Last time I talked to Barry he was alive and well, Jack!! We are in the same "Longitude of Smoke", from our West Coast fires. So far Barry, Dylan and others have escaped the direct assault of flames, and only share the bad, smoky air!! Rain has finally applied some cleansing to the situation!!
I have 2 brothers, one 2000 kms south (LA), and one 4400 kms east (Buffalo), of Vancouver, and we've all been heavily "smoked!!"
I’m not too sure what the scientific name for those two fungi are...but it’s on the list to research this weekend.
Thanks for the warm welcome!
We are in the same boat, Brother!! I have actually tried to get parts made at various locations, to worry about assembly later, but no acceptable offers have materialized!!
Thank you for sharing that very moving account Dan It's funny that even in the toughest times, we can always make good memories
I'm glad to hear that Charlie! Sorry to hear about the smoke buddy, I hadn't realised it had spread so far north. I hope things continue to improve One thing, I guess at least everyone had masks
I am really sorry to hear that Charlie, what times we live in
Dry off, Ed!! Ironwood can vary from plainer than you show, to very wild burls, with very dark feature! I like the no-nonsense straight grain you show!!
All is not lost!! (so I believe!!) I will keep on, keeping on!!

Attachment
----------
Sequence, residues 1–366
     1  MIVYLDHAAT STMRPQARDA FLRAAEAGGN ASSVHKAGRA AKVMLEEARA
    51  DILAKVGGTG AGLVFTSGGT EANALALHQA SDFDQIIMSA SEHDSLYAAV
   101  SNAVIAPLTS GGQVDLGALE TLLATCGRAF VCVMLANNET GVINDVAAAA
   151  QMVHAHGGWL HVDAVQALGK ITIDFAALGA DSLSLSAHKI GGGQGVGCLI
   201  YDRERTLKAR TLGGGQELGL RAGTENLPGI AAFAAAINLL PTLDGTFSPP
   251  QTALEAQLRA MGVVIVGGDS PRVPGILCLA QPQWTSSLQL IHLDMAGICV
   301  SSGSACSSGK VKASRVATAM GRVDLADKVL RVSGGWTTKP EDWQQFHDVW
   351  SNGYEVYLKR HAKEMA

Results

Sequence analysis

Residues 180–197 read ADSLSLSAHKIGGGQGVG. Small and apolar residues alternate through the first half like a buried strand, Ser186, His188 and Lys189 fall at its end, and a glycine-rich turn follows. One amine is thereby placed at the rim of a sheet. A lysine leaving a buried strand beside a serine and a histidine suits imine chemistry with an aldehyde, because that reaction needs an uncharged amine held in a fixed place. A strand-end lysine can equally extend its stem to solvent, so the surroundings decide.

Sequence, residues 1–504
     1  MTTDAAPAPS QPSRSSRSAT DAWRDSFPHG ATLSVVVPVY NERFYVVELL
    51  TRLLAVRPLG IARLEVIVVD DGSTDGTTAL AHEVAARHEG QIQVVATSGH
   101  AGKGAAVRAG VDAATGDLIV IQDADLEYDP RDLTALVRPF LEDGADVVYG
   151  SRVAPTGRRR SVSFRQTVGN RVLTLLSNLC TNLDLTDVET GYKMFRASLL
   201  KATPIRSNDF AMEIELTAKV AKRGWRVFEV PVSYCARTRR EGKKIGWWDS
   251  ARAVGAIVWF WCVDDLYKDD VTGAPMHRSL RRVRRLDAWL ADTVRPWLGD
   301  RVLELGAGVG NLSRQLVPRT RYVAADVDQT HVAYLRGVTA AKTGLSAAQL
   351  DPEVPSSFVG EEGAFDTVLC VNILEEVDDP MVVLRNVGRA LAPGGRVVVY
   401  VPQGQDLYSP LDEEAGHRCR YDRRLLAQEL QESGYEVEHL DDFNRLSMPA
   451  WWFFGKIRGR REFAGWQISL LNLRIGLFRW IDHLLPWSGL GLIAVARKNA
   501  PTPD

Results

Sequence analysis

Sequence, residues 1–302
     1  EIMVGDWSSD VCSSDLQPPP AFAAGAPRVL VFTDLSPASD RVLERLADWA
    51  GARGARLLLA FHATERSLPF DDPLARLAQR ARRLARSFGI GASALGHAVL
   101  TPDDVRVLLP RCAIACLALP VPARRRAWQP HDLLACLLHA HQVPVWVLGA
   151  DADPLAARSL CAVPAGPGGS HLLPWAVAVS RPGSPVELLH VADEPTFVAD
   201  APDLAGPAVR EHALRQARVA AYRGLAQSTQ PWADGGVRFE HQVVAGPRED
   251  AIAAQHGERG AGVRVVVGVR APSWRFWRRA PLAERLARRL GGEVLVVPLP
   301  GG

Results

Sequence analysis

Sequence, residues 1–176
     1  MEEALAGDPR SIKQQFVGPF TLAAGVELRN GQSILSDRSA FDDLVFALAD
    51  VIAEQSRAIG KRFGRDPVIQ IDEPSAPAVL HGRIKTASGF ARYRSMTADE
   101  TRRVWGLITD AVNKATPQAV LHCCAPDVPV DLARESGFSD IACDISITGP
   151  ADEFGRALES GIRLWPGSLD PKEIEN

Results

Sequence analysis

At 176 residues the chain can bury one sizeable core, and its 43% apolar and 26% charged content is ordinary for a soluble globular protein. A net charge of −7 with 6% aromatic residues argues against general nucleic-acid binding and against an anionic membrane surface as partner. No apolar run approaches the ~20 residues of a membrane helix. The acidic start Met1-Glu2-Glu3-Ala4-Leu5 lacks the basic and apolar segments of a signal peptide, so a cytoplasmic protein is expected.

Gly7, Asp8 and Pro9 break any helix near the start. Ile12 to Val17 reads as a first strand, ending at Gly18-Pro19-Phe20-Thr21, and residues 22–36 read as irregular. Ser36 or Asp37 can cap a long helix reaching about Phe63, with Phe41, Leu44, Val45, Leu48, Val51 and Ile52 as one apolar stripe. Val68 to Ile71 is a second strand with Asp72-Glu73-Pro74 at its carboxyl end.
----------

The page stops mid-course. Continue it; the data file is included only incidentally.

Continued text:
A couple of dark alleys yet to explore!!
My apologies because I could have sworn I posted these responses early!
Thanks Jack! It’s sad to hear the details of the conditions in Sheffield! I’m sure liking Big Eb my friend!
Congrats on that beautiful Waynorth Cutlery lambsfoot!
Good to see you here Darren!
One of them looks like false tinder fungus from which you can make amadou tinder
Good to have you here
Good luck my friend, I will keep my fingers crossed for you
Sadly, they are really down to the fag end there I'm afraid That's good to hear pal
Prey tell, what does a Napolean consist of?
Great back ground photo of the factory scene, and good to see " Butterscotch " getting a run.
Welcome, you have raised the bar pretty high to start with though with one of Charlie's, you won't be able to keep that pace up.
I'll get myself off the MIA list.
You are quiet correct there, when i got mine it was dark to start with and you could not really see the grain stand out, not like some i see posted. But now after being carried and used it has really darkened, looks like just a plain slab of really dark wood now,hope you are keeping well my friend and good to see you.